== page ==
Continuing with our previous post’s theme of common estate planning mistakes, here are three more pitfalls to avoid:
Not planning for a change in circumstances. What if a beneficiary gets a divorce, or goes through bankruptcy? What if your financial assets decrease and you have made large cash bequests and there are no funds remaining for your remaindermen? What if you want your estate to be divided equally between your children, and you leave one child the real estate and the other child with the bank accounts, but over the years, the values of your bank accounts have decreased, resulting in an unequal distribution at death. It is important to discuss changes in circumstances and other “what ifs” with your estate planning attorney.
Not communicating to a beneficiary or family member your change in plans. Communication is the key to all good estate plans. These conversations can be difficult, but letting a beneficiary know that you changed his or her share of your estate, or that you chose someone else to be your agent, Executor or Trustee, can avoid conflict down the road. With respect to estate planning, unless someone is receiving a windfall, we have found that most people do not like surprises.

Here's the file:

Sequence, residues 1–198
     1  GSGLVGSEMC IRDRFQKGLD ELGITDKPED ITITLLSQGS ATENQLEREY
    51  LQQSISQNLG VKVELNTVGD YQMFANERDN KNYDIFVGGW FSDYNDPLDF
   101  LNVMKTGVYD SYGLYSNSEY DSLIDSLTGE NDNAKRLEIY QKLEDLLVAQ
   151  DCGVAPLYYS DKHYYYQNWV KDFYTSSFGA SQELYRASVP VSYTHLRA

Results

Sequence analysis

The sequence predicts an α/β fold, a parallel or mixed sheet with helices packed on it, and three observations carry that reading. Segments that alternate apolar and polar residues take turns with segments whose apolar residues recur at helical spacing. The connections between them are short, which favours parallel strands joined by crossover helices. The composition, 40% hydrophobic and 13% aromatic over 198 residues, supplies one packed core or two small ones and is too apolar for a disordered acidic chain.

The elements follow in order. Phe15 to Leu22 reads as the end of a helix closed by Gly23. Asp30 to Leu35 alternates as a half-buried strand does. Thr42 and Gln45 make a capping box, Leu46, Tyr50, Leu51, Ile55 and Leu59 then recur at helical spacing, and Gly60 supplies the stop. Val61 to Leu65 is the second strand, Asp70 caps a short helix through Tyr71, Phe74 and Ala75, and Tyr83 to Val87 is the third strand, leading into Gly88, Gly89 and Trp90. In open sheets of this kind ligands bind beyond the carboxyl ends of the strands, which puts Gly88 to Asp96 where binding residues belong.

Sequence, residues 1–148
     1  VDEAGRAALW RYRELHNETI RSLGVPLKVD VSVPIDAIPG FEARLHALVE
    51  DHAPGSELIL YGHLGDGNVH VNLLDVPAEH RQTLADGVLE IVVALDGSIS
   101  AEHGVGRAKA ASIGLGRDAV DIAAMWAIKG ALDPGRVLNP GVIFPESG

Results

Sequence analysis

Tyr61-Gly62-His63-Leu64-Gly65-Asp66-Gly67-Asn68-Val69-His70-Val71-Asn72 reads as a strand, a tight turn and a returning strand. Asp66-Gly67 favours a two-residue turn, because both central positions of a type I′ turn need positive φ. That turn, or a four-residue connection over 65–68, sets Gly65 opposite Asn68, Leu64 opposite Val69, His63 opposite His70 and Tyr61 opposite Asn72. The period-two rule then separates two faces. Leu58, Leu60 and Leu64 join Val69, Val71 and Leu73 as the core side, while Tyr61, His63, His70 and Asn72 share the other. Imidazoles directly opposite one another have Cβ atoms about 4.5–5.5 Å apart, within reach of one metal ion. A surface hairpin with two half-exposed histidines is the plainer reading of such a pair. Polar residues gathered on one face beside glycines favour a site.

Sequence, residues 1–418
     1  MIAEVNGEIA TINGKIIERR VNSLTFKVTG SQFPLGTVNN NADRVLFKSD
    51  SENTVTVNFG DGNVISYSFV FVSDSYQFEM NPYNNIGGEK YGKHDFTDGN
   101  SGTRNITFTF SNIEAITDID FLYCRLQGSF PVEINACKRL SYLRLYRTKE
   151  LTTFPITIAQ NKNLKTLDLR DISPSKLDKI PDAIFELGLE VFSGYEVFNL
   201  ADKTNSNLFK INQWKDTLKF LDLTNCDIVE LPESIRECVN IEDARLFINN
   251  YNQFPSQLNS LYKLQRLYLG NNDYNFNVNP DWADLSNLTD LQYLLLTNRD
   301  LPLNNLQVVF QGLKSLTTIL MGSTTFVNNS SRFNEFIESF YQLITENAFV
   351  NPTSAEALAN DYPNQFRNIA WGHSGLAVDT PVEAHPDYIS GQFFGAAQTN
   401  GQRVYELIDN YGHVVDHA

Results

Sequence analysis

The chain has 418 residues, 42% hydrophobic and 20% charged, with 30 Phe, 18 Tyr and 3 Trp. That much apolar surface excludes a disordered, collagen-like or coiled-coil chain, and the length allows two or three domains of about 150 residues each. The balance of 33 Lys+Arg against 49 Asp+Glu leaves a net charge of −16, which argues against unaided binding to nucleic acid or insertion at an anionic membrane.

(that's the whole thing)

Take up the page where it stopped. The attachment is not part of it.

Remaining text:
Waiting until it is too late to plan. Waiting until you are disabled or until death to plan can result in a host of issues that most people want to avoid, including court involvement, the loss of choice, high costs and fees and conflict. Most especially, if you or any of your loved ones receive a diagnosis of a progressive disease, or of any cognitive decline, we recommend you consult an elder law attorney as soon as possible.